...but in this great democracy of ours, that’s not the way it is.Damn! This terrible democracy. Oops, I mean this great democracy of ours.
That's from a NYT article by Sheryl Gay Stolberg that's mostly about Barack Obama's lack of skill in getting members of Congress to do what he wants. It begins with a description of a January 15th meeting in the White House, in which Obama was "playing 'marriage counselor'" with various members of Congress. Supposedly, "he coaxed, cajoled and prodded them," but in the end people, including Obama, were frustrated and angry. Stolberg then analyzes Obama's ability:
Ever since his days as a young community organizer in Chicago, Mr. Obama has held fast to the belief that by listening carefully and appealing to reason he can bring people together to get results, an approach that in Washington has often come up short.He's dealing with members of Congress, not local Chicago people. Why would his listen-and-reason approach translate easily to this new environment? Maybe he should have taken a little time to work in the Senate and get to know its ways and its characters before deciding he was ready to be President.
Mr. Obama has not been the sort to bludgeon his party into following his lead or to intimidate reluctant legislators. And while he has often succeeded by relying on Democratic leaders in Congress to do his bidding — the House and Senate, after all, both passed versions of the health legislation last year — it is not clear whether his gentle, consensus-building style will be enough.Stolberg tries to burnish the Obama image, but read between the lines: The point there is that he hasn't led. Stolberg quotes Representative Louise M. Slaughter, a New York Democrat: “If you are asking me if he dominates the room, I would have to say no.”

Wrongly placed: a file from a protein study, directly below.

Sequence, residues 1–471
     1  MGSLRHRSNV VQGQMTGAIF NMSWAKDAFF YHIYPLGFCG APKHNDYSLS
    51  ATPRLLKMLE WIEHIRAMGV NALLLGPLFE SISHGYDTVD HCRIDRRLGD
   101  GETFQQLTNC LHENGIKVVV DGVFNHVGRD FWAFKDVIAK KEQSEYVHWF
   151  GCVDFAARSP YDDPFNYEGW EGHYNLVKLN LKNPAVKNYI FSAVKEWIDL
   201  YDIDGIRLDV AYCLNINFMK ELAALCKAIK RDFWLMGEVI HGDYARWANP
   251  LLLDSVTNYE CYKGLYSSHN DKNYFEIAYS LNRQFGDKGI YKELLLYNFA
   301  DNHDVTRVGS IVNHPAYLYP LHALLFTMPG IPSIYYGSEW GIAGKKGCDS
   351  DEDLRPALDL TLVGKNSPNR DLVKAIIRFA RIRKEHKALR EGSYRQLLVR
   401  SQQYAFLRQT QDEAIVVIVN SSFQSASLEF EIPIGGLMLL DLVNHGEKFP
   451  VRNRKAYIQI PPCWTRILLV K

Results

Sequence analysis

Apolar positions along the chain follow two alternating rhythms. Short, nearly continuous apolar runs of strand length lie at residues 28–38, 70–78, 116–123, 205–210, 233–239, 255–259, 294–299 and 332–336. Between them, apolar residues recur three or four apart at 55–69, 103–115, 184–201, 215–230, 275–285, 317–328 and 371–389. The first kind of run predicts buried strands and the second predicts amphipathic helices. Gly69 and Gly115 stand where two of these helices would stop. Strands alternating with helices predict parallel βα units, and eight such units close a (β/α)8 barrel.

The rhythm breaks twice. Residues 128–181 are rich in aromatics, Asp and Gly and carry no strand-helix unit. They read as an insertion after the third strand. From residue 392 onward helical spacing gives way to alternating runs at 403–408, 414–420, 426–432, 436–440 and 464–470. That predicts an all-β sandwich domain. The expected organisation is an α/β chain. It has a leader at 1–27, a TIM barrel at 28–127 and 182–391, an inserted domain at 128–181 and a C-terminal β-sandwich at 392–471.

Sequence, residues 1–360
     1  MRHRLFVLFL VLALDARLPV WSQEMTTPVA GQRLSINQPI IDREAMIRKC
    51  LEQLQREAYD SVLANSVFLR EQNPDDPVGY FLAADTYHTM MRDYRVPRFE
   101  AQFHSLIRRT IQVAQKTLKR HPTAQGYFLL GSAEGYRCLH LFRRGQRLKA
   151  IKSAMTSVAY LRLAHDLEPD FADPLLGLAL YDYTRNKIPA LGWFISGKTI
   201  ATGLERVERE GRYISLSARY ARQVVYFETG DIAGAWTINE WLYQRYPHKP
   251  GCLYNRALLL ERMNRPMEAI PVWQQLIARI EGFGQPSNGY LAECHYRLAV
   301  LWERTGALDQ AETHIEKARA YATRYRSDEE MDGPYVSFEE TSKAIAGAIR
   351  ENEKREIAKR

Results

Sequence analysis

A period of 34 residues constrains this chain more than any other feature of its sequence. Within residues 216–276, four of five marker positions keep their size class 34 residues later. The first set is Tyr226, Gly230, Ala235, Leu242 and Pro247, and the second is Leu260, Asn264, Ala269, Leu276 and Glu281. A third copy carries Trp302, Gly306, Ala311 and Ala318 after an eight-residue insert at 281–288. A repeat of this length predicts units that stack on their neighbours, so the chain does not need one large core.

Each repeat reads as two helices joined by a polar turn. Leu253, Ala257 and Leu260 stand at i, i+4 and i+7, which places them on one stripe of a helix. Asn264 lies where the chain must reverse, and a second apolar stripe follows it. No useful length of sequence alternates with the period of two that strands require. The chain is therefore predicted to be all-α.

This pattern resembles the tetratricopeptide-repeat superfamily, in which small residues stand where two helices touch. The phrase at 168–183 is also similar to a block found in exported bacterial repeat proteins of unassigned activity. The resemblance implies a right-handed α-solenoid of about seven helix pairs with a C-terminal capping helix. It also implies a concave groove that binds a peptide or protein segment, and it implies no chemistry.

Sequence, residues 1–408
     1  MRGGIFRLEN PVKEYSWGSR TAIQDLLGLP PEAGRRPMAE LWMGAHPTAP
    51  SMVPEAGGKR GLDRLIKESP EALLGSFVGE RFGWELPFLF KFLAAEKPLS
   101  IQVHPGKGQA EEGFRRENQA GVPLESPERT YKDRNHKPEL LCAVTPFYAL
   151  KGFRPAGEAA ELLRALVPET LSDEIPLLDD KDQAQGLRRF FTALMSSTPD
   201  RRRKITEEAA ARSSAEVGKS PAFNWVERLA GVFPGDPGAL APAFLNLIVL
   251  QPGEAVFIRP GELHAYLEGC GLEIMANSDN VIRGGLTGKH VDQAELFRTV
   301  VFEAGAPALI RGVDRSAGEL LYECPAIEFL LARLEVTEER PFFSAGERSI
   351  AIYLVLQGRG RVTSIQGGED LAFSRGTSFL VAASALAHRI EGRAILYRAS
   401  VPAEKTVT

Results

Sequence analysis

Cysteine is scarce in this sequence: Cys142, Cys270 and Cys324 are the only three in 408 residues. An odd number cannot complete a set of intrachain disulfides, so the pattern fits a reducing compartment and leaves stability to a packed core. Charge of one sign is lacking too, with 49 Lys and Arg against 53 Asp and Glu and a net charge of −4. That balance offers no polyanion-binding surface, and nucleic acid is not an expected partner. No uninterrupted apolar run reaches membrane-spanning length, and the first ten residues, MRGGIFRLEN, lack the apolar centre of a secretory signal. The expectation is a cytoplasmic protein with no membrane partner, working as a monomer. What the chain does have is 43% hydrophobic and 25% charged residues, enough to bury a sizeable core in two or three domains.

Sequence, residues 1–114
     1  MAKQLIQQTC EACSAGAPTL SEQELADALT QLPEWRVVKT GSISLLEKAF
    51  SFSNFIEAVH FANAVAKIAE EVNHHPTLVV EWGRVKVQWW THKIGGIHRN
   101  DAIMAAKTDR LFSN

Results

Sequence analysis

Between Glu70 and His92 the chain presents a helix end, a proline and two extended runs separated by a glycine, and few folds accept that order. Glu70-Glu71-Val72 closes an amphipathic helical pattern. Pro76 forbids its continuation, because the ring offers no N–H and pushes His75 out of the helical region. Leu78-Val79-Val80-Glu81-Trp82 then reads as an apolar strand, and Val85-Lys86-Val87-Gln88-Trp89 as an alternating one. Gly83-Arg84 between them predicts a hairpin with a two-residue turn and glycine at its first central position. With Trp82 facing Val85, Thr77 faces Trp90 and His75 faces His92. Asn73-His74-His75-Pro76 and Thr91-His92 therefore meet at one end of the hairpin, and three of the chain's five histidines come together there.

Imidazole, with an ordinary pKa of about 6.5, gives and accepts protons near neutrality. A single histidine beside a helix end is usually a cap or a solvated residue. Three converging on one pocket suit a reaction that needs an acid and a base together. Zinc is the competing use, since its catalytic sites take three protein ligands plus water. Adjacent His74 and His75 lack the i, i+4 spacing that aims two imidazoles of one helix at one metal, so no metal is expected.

But his defenders and some historians say that perhaps more than any modern president since Lyndon B. Johnson, Mr. Obama has been aggressive in trying to work his will with Congress. During his 13-month-old presidency, he has had countless one-on-one meetings with lawmakers — a technique that some scholars and strategists say evokes memories of Johnson...But he's not much like Johnson. Johnson was quite a different sort of character, but he'd developed his skills by operating in the Senate for 12 years.
Members of Congress do not find him intimidating; they are more apt, said Senator Byron L. Dorgan, Democrat of North Dakota, to view him as “a friend.”...And why should that be enough? Do a ritual of listening and calmly laying out reasons, then tell people — nicely! — what you'd "need" them to do. I guess the members of Congress don't take orders, even if the President is nice and friendly and even if it worked in Chicago. They really do represent people in this great democracy of ours, and they quite properly stand their ground in the face of the President's ambition. It's called separation of powers.
“He always starts off with a policy argument, making the intellectual case for his point of view,” [Senator Evan] Bayh said. “Secondarily to that, there might be a discussion of some of the political ramifications, but he always starts off with, ‘Look, this is why I think this is right for the country, and I respect your point of view, I know where you are coming from, but here’s why I think we need to do it this way. Can you help me?’ ”
A reading for the day. From The Federalist Papers, Number 51:
But the great security against a gradual concentration of the several powers in the same department, consists in giving to those who administer each department the necessary constitutional means and personal motives to resist encroachments of the others. The provision for defense must in this, as in all other cases, be made commensurate to the danger of attack. Ambition must be made to counteract ambition. The interest of the man must be connected with the constitutional rights of the place. It may be a reflection on human nature, that such devices should be necessary to control the abuses of government. But what is government itself, but the greatest of all reflections on human nature? If men were angels, no government would be necessary. If angels were to govern men, neither external nor internal controls on government would be necessary. In framing a government which is to be administered by men over men, the great difficulty lies in this: you must first enable the government to control the governed; and in the next place oblige it to control itself.